Manuscrit. Topographies of Rhetoric  and Moral Reasoning  in Sasanian and Post-Sasanian Zoroastrianism
Du 16 mai au 06 juin 2024

Topographies of Rhetoric and Moral Reasoning in Sasanian and Post-Sasanian Zoroastrianism

Yuhan Sohrab-Dinshaw Vevaina, directeur d'études invité.

Yuhan Sohrab-Dinshaw Vevaina, professeur d'études sassanides à l'Université d'Oxford, directeur d'études invité par Samra Azarnouche (section des Sciences religieuses) et Philip Huyse (section des Sciences historiques et philologiques) pour une série de quatre conférences : « Topographies of Rhetoric and Moral Reasoning in Sasanian and Post-Sasanian Zoroastrianis ».


These four proposed lectures are designed to both introduce and excavate the broad contours of Zoroastrian moral reasoning and religious ‘thought’ during and after the Sasanian Empire (224–651 CE). Despite 250 years of scholarship on Zoroastrianism and early Iranian Studies more generally, we still do not possess an up-to-date survey of Zoroastrian theological discourse and hermeneutics as found in the Pahlavi (Zoroastrian Middle Persian) corpus which straddles the late antique (i.e., Sasanian) and early Islamic periods in the Iranian world. A principled examination of the often opaque ‘emic’ or indigenous strategies of knowledge production is crucial for developing a more nuanced historiography of moral reasoning, rhetoric, and identity formation in the rich religious history of the early Iranian world.


Jeudi 16 mai 2024, 12-14h (site Raspail)

The Past is a Foreign Country: Romanticisms and the Weight of ‘Tradition’ 


One marked feature of Pahlavi textuality is the fact that these texts explicitly claim to be inherited from the ancient Avestan texts and thus represent the culmination of the timeless sacred ‘tradition’ (Av. daēnā-; Pahl. dēn; Pers. دین). This first lecture will examine how religious discourse in Pahlavi literature gained a reflective dimension, something we can only get brief glimpses of in the more ancient Avestan mytho-ritual sources from the mid-2nd millennium BCE. It will attempt to sketch out the forms of thinking and hermeneutical modes used by the Zoroastrian priesthood to navigate their contemporary experiences in the looming shadow of an exalted yet often mysterious past.


Jeudi 23 mai 2024, 12-14h (Site Raspail)

Dispute and Difference: Disciplining Selves and Critiquing Others in a Multi-Cultural Empire


As we see in all theological regimes, the Zoroastrian priesthood in the Sasanian period attempted to taxonomise and discriminate between the various existential threats they perceived from religious minorities such as Christians (tarsāg), Jews (yahud), or Manichaeans (zandīg), or more foreign threats as represented by the hostile references to Roman-Sasanian border skirmishes and the odious presence of Greek philosophers at the Sasanian court. This second lecture will survey approaches to moral reasoning by examining Zoroastrian polemics and apologetics as instantiations of the rhetoric of boundary maintenance.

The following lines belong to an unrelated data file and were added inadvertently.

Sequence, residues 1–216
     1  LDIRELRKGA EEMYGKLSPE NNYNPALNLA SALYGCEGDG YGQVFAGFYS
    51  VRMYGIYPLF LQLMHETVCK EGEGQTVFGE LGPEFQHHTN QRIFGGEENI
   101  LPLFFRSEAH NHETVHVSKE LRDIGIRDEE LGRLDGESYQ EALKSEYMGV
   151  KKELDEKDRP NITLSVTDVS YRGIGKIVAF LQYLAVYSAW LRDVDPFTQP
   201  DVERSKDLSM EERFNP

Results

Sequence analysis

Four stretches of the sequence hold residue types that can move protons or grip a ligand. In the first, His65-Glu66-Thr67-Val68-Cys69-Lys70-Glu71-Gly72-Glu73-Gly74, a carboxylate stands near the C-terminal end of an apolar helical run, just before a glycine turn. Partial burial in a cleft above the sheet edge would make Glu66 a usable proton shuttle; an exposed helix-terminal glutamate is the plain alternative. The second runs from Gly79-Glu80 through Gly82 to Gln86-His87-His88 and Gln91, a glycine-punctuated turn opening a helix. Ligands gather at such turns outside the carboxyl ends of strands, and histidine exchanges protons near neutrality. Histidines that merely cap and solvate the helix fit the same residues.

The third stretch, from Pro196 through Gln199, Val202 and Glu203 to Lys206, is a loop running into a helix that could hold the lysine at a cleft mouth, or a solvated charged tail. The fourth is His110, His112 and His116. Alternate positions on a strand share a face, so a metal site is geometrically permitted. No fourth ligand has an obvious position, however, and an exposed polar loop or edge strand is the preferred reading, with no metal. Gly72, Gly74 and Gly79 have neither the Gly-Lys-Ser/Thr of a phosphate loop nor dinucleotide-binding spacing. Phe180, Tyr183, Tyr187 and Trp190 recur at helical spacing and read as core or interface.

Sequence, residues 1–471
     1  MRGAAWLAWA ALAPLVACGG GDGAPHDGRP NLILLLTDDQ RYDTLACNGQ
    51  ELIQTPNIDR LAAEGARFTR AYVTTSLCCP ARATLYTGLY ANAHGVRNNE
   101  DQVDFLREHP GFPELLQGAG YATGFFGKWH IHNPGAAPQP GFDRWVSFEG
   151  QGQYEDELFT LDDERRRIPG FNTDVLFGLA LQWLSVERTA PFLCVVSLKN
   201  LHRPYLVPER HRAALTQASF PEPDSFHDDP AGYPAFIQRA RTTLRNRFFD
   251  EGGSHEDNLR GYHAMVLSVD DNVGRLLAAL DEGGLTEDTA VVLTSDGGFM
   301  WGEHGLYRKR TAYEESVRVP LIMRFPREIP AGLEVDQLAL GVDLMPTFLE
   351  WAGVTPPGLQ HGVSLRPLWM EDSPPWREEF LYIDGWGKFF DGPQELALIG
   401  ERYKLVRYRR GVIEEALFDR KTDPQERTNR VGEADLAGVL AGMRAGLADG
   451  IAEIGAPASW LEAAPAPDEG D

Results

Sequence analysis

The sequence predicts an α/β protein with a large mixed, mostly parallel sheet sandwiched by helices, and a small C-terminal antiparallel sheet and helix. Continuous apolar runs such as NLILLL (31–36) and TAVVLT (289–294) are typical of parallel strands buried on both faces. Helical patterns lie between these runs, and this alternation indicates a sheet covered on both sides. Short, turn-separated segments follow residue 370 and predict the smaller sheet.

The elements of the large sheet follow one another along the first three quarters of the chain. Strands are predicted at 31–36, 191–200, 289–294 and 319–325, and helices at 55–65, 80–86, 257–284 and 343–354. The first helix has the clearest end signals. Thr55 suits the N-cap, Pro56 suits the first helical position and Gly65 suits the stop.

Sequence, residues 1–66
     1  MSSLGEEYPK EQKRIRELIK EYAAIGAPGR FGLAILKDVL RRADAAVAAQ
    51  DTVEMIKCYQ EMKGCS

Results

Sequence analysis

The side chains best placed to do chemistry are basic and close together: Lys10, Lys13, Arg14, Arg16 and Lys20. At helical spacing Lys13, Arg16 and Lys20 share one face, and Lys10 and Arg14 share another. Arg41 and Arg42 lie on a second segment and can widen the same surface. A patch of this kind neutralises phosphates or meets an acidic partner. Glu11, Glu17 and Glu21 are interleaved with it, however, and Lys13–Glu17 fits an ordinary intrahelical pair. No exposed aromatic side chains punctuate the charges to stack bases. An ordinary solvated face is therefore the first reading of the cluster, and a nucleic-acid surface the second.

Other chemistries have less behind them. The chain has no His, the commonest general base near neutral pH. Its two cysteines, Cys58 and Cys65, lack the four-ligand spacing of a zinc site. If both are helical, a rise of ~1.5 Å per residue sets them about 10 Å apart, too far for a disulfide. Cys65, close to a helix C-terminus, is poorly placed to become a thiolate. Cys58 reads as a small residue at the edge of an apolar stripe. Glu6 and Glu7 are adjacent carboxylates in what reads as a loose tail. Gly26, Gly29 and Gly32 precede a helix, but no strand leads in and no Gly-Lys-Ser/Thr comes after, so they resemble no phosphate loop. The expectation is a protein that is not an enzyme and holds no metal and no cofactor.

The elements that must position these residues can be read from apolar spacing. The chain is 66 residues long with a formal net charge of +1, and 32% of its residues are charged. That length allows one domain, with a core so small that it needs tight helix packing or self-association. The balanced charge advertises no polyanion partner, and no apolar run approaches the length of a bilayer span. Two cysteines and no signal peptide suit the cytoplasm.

Jeudi 30 mai 2024, 11-13h (Sorbonne)

Doubt and Decision-making: The Hermeneutics of ‘Choice’ in a Dualist World (view)


In many instances in Pahlavi literature, we are ultimately dealing with notions of ‘doubt’ (Pahl. gumān[īh]; Pers. گمان), an epistemological category that lies at the forefront of Zoroastrian moral reasoning. In this third lecture, an examination of such an ‘emic’ category will allow us to view just how the Zoroastrian theologians of the late antique and early Islamic period managed contingency and reflected the historicity of decisions taken by Zoroastrians in particularly difficult moments and uncertain times.


Jeudi 6 juin 2024, 11-13h (Sorbonne)

Profit and Loss / Benefit and Harm: Cosmographies and the Teleologies of Human History

Finally, this fourth lecture will look to the future and map the ways in which the unfolding of the world was viewed by the Zoroastrian priests as foreordained and, to some extent, deterministic, while serving as the battleground for the proxy war between the metaphysical forces of good and evil. The rhetorical contours of the antonyms of ‘profit, benefit’ (sūd) and ‘loss, harm’ (zyān) within a dualistic cosmology can be seen in a cross-generic sense across several texts, thus speaking to the ultimate aim of sound moral reasoning, namely, the actuation and realisation of the final eschatological triumph of the forces of good and the concomitant defeat and cessation of evil and its effects in our world.


Les conférences seront données en anglais.


Les 16 mai (salle 9) et 23 mai 2024 (salle 26) : EPHE-Site Raspail, Maison des Sciences de l’Homme, 54 boulevard Raspail, 12-14h.

Les 30 mai et 6 juin : Sorbonne, 17 rue de la Sorbonne, escalier E, 1er étage, salle D052, 11-13h.


Et en ligne, inscription auprès de Mme Samra Azarnouche.

Informations pratiques

Du 16 mai au 06 juin 2024
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